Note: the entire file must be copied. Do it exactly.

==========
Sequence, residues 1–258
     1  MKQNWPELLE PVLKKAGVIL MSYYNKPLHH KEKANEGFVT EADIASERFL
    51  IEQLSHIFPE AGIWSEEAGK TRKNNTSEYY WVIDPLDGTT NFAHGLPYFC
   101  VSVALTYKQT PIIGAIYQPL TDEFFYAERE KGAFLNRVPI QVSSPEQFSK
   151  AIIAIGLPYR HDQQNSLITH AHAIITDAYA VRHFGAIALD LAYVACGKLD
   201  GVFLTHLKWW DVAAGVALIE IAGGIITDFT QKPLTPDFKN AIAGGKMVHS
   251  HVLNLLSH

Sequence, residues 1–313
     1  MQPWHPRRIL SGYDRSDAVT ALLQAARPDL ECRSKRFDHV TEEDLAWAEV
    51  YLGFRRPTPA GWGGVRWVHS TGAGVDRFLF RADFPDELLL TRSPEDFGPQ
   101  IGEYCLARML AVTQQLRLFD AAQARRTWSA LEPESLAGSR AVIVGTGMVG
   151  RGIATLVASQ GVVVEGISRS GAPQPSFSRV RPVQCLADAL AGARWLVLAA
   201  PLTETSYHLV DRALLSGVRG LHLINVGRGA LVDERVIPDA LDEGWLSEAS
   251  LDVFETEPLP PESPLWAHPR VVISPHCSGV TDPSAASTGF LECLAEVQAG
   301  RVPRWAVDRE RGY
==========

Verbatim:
Sequence, residues 1–258
     1  MKQNWPELLE PVLKKAGVIL MSYYNKPLHH KEKANEGFVT EADIASERFL
    51  IEQLSHIFPE AGIWSEEAGK TRKNNTSEYY WVIDPLDGTT NFAHGLPYFC
   101  VSVALTYKQT PIIGAIYQPL TDEFFYAERE KGAFLNRVPI QVSSPEQFSK
   151  AIIAIGLPYR HDQQNSLITH AHAIITDAYA VRHFGAIALD LAYVACGKLD
   201  GVFLTHLKWW DVAAGVALIE IAGGIITDFT QKPLTPDFKN AIAGGKMVHS
   251  HVLNLLSH

Sequence, residues 1–313
     1  MQPWHPRRIL SGYDRSDAVT ALLQAARPDL ECRSKRFDHV TEEDLAWAEV
    51  YLGFRRPTPA GWGGVRWVHS TGAGVDRFLF RADFPDELLL TRSPEDFGPQ
   101  IGEYCLARML AVTQQLRLFD AAQARRTWSA LEPESLAGSR AVIVGTGMVG
   151  RGIATLVASQ GVVVEGISRS GAPQPSFSRV RPVQCLADAL AGARWLVLAA
   201  PLTETSYHLV DRALLSGVRG LHLINVGRGA LVDERVIPDA LDEGWLSEAS
   251  LDVFETEPLP PESPLWAHPR VVISPHCSGV TDPSAASTGF LECLAEVQAG
   301  RVPRWAVDRE RGY